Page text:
How to grow your best ever roses

Time to stop and smell the roses!

Go Gardening - - Editorial -

Mo­sey out­doors on a warm sum­mer morn­ing, se­ca­teurs in hand. Marvel at the colours, in­hale the scents and wit­ness the bees buzzing hap­pily from flower to flower. It’s prac­ti­cally im­pos­si­ble to feel stress or worry as you ab­sorb yourself in pick­ing a bunch of roses from your very own gar­den.

They’re the most loved, flow­ers in the world and sur­pris­ingly easy to grow. That said, there is quite a dif­fer­ence be­tween grow­ing roses and grow­ing re­ally great roses.

EIGHT SIM­PLE WAYS TO GET THE VERY BEST FROM YOUR ROSES…

Choose well.

It may be love at first sight, but you’ll love your roses for longer if you en­gage your head as well as your heart when de­cid­ing which va­ri­eties to plant. As well as those to-die-for blooms, there are other im­por­tant at­tributes to con­sider - such as growth habit, fo­liage, dis­ease re­sis­tance and over­all per­for­mance. Go Gar­den­ing cen­tres stock a range of the most re­li­able va­ri­eties. You could also con­sult your lo­cal rose so­ci­ety for va­ri­eties that do well in your area. The New Zealand Rose Re­view pub­lished each year by the New Zealand Rose So­ci­ety is an­other place you can go for in­spi­ra­tion. This is avail­able at www.nzroses.org.nz

Bear in mind that roses rate well for dif­fer­ent rea­sons, some may be fab­u­lous on a show bench but un­re­mark­able in the gar­den. Oth­ers may have the most eye-catch­ing blooms but no fra­grance. Choose a rose that fits its pur­pose in your gar­den. There are roses for pots, roses for walls, tall roses, short roses, even ground cover roses.

In­vest in top qual­ity plants.

Even the most out­stand­ing rose va­ri­ety may fail to pros­per if it’s had an un­lucky start in life. Buy healthy look­ing plants with no sign of dis­ease. Cheap spindly, bar­gain bin plants are usu­ally false econ­omy.

Give them sun­shine.

Most roses will grow and flower quite well in half-day sun, but gen­er­ally more sun means more flow­ers. On the other hand, a very hot clois­tered spot with no air­flow can be a dis­ease trap so make sure your roses are well ven­ti­lated.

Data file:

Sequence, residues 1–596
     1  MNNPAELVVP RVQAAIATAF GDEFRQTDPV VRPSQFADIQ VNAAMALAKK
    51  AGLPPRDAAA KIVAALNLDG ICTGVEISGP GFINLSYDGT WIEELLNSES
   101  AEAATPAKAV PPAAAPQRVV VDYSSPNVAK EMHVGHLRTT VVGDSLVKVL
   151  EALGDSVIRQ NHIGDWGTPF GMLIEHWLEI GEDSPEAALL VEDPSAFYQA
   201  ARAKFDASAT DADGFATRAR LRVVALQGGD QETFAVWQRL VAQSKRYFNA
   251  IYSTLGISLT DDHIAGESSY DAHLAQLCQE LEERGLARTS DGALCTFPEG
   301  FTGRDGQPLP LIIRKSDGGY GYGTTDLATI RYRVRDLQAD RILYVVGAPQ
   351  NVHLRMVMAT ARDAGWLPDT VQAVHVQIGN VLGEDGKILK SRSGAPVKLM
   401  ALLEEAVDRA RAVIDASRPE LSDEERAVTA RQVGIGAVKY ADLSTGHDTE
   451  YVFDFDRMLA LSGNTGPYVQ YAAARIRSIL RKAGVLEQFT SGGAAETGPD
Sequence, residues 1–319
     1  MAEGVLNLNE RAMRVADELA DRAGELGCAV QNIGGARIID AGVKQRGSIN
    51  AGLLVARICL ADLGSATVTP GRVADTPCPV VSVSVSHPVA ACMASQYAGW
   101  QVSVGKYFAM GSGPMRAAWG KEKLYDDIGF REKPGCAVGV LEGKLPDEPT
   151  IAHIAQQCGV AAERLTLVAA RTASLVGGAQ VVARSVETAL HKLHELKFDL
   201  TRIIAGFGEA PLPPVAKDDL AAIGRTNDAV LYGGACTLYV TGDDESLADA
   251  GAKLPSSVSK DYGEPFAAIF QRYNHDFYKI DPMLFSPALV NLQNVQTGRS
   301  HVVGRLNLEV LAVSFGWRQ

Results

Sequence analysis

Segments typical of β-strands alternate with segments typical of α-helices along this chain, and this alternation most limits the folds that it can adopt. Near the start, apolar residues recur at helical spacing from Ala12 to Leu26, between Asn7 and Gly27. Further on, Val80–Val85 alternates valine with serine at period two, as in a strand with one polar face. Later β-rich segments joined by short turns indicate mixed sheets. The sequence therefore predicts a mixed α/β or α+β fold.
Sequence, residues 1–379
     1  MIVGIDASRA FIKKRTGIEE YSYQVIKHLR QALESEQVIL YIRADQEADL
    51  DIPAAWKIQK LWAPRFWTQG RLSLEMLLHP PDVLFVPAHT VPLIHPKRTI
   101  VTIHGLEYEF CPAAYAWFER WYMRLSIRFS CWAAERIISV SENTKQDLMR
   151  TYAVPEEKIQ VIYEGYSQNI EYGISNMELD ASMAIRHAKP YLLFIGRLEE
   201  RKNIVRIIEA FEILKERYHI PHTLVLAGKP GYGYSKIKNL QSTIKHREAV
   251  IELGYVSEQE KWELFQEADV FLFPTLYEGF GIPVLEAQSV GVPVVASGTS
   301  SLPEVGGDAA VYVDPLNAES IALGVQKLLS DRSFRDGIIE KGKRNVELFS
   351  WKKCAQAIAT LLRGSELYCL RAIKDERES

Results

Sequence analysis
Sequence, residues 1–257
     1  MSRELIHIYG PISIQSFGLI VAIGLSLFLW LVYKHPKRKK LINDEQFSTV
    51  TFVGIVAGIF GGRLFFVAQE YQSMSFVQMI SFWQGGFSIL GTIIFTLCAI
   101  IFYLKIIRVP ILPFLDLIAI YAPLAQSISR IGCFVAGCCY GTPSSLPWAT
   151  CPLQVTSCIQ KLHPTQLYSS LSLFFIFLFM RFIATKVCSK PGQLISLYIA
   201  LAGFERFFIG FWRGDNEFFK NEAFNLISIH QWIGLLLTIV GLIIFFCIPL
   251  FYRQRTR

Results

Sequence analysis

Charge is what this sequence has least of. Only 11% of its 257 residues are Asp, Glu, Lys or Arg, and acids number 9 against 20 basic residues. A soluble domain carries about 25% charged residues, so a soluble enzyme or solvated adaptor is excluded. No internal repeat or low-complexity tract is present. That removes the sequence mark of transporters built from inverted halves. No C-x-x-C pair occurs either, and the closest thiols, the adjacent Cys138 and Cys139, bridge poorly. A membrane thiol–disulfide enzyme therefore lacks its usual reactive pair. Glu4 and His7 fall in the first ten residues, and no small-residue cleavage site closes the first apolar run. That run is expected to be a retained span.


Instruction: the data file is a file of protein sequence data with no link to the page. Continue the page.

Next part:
Of course, this must be bal­anced with the need to pro­vide shel­ter from harsh, dam­ag­ing winds. Take care not to plant roses too close to trees as these will de­prive them not only of sun, but mois­ture and nu­tri­ents too.

Soil is ev­ery­thing.

Be­cause roses are longlived plants, it is well worth spend­ing time en­rich­ing the soil be­fore plant­ing. They per­form well on heavy soils that con­tain clay, as the clay par­ti­cles hold onto the sum­mer mois­ture and nu­tri­ents that roses thrive on. How­ever, it is im­por­tant that the soil doesn’t be­come wa­ter­logged. Rais­ing beds 15–20 cm above the ground level and dig­ging in plenty of com­post can sig­nif­i­cantly im­prove drainage. Con­versely, roses can strug­gle on light sandy soil but this also can be reme­died by adding or­ganic mat­ter. So, what­ever your soil, ply­ing it with com­post prior to plant­ing can only be good for your roses. Reg­u­lar mulching fur­ther en­riches the soil.

Plant with care.

Take ex­tra care not to let your roses dry out be­tween pur­chas­ing and plant­ing. When plant­ing container grown roses, care­fully re­move the container and try not to dis­turb the roots or you may dam­age the young feeder roots. Start with a gen­er­ous sized plant­ing hole (at least twice the vol­ume of the roots) then back fill it so that the plant sits with its bud union (that bump on the stem) just above ground level. Mix some sheep pel­lets or a scoop of slow re­lease fer­tiliser into the soil, and then gen­tly but firmly fill around the roots. Thor­ough wa­ter­ing af­ter plant­ing helps set­tle the soil snug­gly around the roots.

Wa­ter deeply.

Deep in­fre­quent wa­ter­ing en­cour­ages young rose roots to grow down into the lower, damper lev­els of the soil, whereas fre­quent light wa­ter­ing of the sur­face en­cour­ages shal­low roots, vul­ner­a­ble in dry weather. Newly planted roses will need a good soak about once a week in their first sum­mer. Once they’re well es­tab­lished, roses in the gar­den can cope with min­i­mal wa­ter­ing, but roses in pots need daily wa­ter­ing over sum­mer. If you have lots of roses, opt for soaker hoses or drip ir­ri­ga­tion in pref­er­ence to sprin­klers, as wet fo­liage in­vites dis­ease.

Cover the soil.

A gen­er­ous layer of or­ganic mulch is worth top­ping up ev­ery spring. This keeps wa­ter in and weeds out, while lift­ing the hu­mus level of your soil – and that means more nu­tri­ents and more wa­ter can be ab­sorbed by your plants. Main­tain a 5-10cm layer. Com­posted leaves, well rot­ted an­i­mal ma­nures - any­thing that once lived, is good for your roses. If us­ing un-com­posted bark or saw­dust as mulch, ap­ply fer­tiliser first as these raw ma­te­ri­als can gob­ble up the soil’s re­serves of ni­tro­gen as they de­com­pose.

Feed them well.

Feed your roses gen­er­ously and they’ll re­ward you with loads of top qual­ity blooms. Ap­ply con­trolled re­lease fer­tiliser or sheep pel­lets in early spring and again in sum­mer to sup­port au­tumn flow­er­ing. Roses also re­spond well to sol­u­ble liq­uid fer­tilis­ers ap­plied reg­u­larly through­out the flow­er­ing sea­son. Many gar­den­ers swear by fish-based fer­tilis­ers.

Lady of Meg­ginch Starry Eyed Gra­ham Thomas

Mary Rose

Flower Car­pet White

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